This article has been published in the August 2019 Knowlative Newsletter, the 19th of August 2019.

Kinesiology, through the Muscle Response Test, allows us to dialogue with our client’s body and subconscious. Through the muscle test, we can identify the cause of the person’s imbalance and determine which is the most effective correction.
Sometimes we can face some difficulties when our client isn’t able to “communicate” with us through his/her muscles, like when they are too young (i.e. newborns that are not able to control their muscles yet), or when they are too sick and they don’t have strength in their muscles, or when they are not cooperative, like with hyperactive kids or when we work on animals.
To overcome this difficulty, in kinesiology we have a great and a unique tool called Surrogate Testing (ST), where we can gather information from someone that we can easily monitor, while they are touching the one that cannot be monitored.
I have used this tool a lot. In fact, after I completed my training in the branch of kinesiology called Applied Physiology, I started to work a lot in neurological cases. Many of my clients were quadriplegic, which means that they had both arms and legs paralyzed. With these clients, it was impossible to use any of the 14 muscles. When I was lucky, I could use the neck flexors as an Indicator Muscle, but often the client got tired quite quickly. I used to use the Orbicularis Oris Muscle, but it’s not an easy muscle to test. So, I experimented with the use of Surrogate Testing (ST).

Case Study: Exclusive use of ST 

A male, in his mid 30’s that broke his neck diving from a rock. He had a luxation of the neck and he cut the spinal cord completely. The family asked me to balance him while he was still in the Hospital. He had several respiratory infections, and he had an antibiotic-resistant bacteria that caused him to have 39-40 Celsius degrees of fever for more than a month. Finally, the doctors found a very old antibiotic, usually used for intestinal infections, that won his bacteria. This was very interesting for me, that an intestinal antibiotic cured a pulmonary problem. But this is a completely different story, and it could be the subject of another article.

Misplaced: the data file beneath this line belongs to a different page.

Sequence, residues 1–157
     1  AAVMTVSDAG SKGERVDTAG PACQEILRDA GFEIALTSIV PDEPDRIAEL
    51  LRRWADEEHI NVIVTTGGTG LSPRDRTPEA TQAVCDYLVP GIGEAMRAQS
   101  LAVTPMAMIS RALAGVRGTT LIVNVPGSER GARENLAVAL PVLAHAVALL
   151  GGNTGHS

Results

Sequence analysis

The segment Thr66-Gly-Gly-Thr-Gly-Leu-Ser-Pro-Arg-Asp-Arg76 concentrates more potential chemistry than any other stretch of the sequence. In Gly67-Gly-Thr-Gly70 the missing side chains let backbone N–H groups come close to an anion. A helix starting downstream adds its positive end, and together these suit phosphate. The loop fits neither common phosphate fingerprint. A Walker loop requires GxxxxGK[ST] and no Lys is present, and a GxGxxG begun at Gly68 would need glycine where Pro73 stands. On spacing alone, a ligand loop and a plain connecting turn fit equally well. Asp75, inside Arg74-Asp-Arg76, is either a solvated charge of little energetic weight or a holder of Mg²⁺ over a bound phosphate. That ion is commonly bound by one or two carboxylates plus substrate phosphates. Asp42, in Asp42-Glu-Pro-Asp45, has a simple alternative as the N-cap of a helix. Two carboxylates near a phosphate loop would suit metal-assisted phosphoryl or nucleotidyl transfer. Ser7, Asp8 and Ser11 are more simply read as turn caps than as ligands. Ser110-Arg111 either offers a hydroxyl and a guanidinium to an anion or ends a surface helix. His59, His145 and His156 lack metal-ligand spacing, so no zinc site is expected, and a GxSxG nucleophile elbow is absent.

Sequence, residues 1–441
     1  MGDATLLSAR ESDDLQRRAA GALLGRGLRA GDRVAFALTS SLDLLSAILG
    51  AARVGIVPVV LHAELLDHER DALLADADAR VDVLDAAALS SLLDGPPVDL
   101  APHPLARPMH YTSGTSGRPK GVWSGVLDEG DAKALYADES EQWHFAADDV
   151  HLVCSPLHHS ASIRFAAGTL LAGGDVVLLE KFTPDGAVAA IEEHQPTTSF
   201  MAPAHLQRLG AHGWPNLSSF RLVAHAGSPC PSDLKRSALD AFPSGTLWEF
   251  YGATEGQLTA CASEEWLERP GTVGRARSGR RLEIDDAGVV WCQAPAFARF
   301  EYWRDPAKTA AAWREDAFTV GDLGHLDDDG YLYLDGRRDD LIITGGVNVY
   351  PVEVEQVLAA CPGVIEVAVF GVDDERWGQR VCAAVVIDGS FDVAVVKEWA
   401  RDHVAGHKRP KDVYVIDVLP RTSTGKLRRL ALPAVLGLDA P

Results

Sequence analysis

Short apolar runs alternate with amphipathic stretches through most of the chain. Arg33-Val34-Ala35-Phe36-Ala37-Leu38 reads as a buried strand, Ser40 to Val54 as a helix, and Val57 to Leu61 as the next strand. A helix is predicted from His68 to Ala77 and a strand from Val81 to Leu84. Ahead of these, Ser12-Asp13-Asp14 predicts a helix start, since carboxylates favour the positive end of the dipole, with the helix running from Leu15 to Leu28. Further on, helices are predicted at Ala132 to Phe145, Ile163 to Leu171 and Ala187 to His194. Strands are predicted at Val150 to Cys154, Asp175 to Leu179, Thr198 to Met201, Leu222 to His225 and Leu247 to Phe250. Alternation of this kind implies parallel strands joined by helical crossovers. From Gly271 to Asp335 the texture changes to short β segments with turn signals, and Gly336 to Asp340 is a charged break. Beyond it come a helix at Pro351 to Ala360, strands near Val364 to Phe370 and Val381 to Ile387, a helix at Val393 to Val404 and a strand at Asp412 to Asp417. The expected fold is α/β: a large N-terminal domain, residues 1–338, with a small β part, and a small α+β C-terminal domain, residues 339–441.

So he was very tired when I met him, and ST was the only option. I started to use his wife as the surrogate. However, we had to change the surrogate immediately, because a very common emotional topic for a paraplegic showed up: suicide. She couldn’t stand to hear him talking about this topic.
He was an active, sporty, young man, with two children and a young wife completely paralyzed and too weak yet to sit in the wheelchair. All this was already devastating, but what triggered his desire to suicide was that, because he had a swallowing difficulty and his lungs and respiratory muscles were too weak, he was not able to cough properly if some piece of food was going down the trachea. He could choke and die because of that. So the doctors wanted to implant a PEG (percutaneous endoscopic gastrostomy), the tube that goes directly into the stomach, and through which the person can be fed.
He told me: “Not only I will never walk, run or stand up again in my life, not only will I be unable to touch  my children or my wife, not only I will never be able to dress myself or to scratch my nose, but now they are telling me that I will never be allowed to eat anymore. I will never be able to taste the taste of food. So why should I live anymore?”.
We used his father as Surrogate and we set the goal that if he could have been able to eat normally, he would have to give up the idea of suicide. I started to work on him once a week, working on all the factors that could have improved his swallowing: working on the trauma (structural, neurological and emotional), on the scar of the surgery, on the spinal cord, on all the neck muscles and especially those involved with chewing and swallowing, on the Lungs and the respiratory muscles, and a lot, a lot of energetic work on the meridians, chakras and Figure Eights.
While working on these aspects not only did his general strength improve, but he also started to move his shoulders and the arm muscles, down to the elbow, so I could start to test him directly.
After 3 months, and about 15 sessions, the doctors, having seen his improvements, decided definitely to not implant the PEG anymore and he started to use the wheelchair and move independently from the bed to the wheelchair and from the wheelchair to the bed.
One day he told me: “Thank you so much. You saved my life, giving me back at least one source of pleasure in my life, the taste of food”. It is not by chance that in many languages they talk about “the Taste of Life”. This is why I love Kinesiology because we can help people to find the good in their lives, even if, sometimes, it seems that there is nothing good left.
And all of this, thanks to the possibility of using Surrogate Testing.